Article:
HTX Real Estate 2013
A Giant Tear Down

Progress? Historic Houston Club building gives way for a gleaming new giant office tower

Historic Houston Club building gives way for gleaming new giant tower

The Capitol Tower Houston Club rendering Gensler Skanska downtown Houston
Courtesy of Skanska
The Capitol Tower Houston Club rendering Gensler Skanska downtown Houston
Courtesy of Skanska
The Capitol Tower Houston Club rendering Gensler Skanska downtown Houston
Courtesy of Skanska
The Capitol Tower Houston Club rendering Gensler Skanska downtown Houston
The Capitol Tower Houston Club rendering Gensler Skanska downtown Houston
The Capitol Tower Houston Club rendering Gensler Skanska downtown Houston

Though the Houston Club itself may be historically significant, Skanska representatives argue that its former home at 811 Rusk Street — a building constructed specifically by business mogul Jesse Jones for the club — is functionally obsolete.

When the Swedish construction company purchased the property in 2011, its development team looked into different options for the structure.

"The column spacing is too tight and the walls are too deep for adequate sunlight," Mike Mair, executive vice president and regional manager of the Houston office, told CultureMap. It was ultimately decided that they would tear down and start anew on a Class A office building. 

Skanska is working with the Houston office of Gensler on the design for the tentatively-named "Capitol Tower," which is still in the planning phases. (No construction timeline has been set.)

Among the major proposed changes? The building will be fronted along Capitol rather than Rusk, an improvement that will ease traffic flow for those entering downtown from the north, and its facade will be distinguished by LED-lined light boxes.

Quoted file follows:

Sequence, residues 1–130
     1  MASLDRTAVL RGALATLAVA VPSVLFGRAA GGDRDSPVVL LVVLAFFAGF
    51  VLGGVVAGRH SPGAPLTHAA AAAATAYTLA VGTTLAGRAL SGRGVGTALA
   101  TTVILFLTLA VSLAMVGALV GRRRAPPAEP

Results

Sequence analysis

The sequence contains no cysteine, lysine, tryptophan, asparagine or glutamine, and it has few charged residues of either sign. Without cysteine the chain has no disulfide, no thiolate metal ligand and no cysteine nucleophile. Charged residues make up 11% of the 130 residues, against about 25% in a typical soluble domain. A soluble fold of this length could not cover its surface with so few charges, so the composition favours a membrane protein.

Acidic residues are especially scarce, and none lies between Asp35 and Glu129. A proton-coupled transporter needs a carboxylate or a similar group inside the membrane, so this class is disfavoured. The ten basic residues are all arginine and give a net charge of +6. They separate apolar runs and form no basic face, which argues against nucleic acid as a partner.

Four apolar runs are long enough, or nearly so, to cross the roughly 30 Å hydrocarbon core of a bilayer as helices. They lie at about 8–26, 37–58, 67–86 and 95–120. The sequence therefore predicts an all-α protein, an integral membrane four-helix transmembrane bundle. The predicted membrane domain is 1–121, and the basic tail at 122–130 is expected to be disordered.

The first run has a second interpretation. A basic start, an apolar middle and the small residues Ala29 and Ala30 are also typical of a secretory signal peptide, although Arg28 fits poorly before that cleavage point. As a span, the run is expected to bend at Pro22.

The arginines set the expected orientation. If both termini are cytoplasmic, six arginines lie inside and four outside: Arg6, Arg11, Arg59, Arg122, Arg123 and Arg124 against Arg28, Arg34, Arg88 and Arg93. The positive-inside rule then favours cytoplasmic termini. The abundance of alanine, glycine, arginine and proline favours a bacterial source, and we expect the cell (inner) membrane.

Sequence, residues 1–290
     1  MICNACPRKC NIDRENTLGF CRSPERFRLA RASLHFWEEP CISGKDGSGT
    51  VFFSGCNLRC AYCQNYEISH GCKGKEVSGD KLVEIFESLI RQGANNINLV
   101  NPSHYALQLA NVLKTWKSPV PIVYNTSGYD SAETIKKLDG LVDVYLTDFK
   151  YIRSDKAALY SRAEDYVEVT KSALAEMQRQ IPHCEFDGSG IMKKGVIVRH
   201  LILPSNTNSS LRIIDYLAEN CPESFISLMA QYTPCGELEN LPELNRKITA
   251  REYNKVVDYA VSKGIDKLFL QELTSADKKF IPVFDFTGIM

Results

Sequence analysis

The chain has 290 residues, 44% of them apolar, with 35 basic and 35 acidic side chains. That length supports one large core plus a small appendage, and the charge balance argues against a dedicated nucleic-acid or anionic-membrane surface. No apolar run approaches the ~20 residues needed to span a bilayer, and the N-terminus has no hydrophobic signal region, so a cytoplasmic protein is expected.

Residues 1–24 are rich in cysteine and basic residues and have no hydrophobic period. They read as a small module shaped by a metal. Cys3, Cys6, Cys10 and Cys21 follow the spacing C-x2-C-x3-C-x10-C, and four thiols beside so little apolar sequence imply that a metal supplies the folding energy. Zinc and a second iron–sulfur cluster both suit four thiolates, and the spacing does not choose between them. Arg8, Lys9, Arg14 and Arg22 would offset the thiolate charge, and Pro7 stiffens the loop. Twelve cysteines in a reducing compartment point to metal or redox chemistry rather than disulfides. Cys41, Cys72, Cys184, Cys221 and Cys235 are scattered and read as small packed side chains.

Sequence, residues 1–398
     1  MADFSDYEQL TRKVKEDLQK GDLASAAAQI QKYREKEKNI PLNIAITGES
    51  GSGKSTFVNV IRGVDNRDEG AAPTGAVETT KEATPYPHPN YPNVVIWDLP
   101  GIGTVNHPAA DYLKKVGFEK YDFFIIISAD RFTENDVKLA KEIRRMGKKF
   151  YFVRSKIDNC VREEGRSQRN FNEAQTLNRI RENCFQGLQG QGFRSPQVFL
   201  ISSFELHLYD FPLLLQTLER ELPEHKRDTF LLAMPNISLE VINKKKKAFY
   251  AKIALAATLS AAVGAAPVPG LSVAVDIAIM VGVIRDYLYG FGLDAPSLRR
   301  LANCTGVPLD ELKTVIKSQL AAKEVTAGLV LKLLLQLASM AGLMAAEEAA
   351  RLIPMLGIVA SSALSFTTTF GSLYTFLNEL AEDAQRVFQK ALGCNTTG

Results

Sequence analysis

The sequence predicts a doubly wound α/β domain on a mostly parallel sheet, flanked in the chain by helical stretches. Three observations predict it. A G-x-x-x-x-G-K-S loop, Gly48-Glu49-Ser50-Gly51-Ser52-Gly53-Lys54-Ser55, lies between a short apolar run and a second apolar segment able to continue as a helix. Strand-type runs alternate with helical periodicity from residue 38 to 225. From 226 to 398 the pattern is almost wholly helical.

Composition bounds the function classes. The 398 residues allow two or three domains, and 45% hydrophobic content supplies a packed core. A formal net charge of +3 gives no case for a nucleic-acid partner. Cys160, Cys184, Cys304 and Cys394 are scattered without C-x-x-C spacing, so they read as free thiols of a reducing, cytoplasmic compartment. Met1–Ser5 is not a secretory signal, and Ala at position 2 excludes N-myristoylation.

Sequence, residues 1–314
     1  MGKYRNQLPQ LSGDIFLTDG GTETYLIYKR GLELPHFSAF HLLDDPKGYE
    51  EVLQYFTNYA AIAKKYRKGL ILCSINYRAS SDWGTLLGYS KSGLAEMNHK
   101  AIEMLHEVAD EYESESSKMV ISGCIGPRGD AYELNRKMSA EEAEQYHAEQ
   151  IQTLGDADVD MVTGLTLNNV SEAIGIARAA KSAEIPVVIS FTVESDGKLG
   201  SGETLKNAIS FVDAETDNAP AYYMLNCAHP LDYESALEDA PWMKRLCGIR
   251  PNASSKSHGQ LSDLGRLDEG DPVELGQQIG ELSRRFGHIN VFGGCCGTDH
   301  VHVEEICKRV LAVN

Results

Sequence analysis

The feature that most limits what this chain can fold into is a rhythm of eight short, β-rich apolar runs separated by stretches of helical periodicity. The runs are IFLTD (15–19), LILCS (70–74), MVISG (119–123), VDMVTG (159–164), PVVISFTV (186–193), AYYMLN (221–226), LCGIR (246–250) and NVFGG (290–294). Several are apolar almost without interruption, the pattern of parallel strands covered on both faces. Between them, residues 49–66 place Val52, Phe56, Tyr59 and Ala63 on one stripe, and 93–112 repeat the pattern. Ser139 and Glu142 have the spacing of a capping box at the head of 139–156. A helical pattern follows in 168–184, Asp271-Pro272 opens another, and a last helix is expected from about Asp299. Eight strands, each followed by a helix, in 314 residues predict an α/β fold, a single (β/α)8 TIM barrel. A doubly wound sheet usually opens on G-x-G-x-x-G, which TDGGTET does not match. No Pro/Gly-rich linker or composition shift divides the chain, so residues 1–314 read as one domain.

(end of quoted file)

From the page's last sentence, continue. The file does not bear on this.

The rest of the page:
Plus, the underground tunnel (there are connections on all sides of the block, which is bounded by Capitol, Milam, Rusk and Travis) will be energized on the street level with a two-level plaza filled with restaurants, retail, amenities for office tenants and an inviting common area. 

"We hope it will create what we call 'unintended points of intersection,'" explained Mair, who envisions friends and coworkers enjoying a cup of coffee on the wide steps or eating lunch in the cafe seats. 

The plaza will open to the north side, where the orientation of the JPMorgan Chase Tower allows for maximum daylight. METRO's East End and Southeast light rail lines are currently under construction along Capitol and Rusk, making it a prime spot to take advantage of mass transit.

Mair projects that corporate relocation to downtown Houston will remain on the rise for decades to come, and Skanska is planning accordingly with this 700,000-square-foot concept, offering 24 floors of office space above a 10-story parking garage. 

"We hope to be a great addition to the neighborhood," he says. 

Interior demolition will begin in June on the former Houston Club building. Skanska aims to divert as much waste material as possible to the recycling stream and apply for LEED certification in the construction process.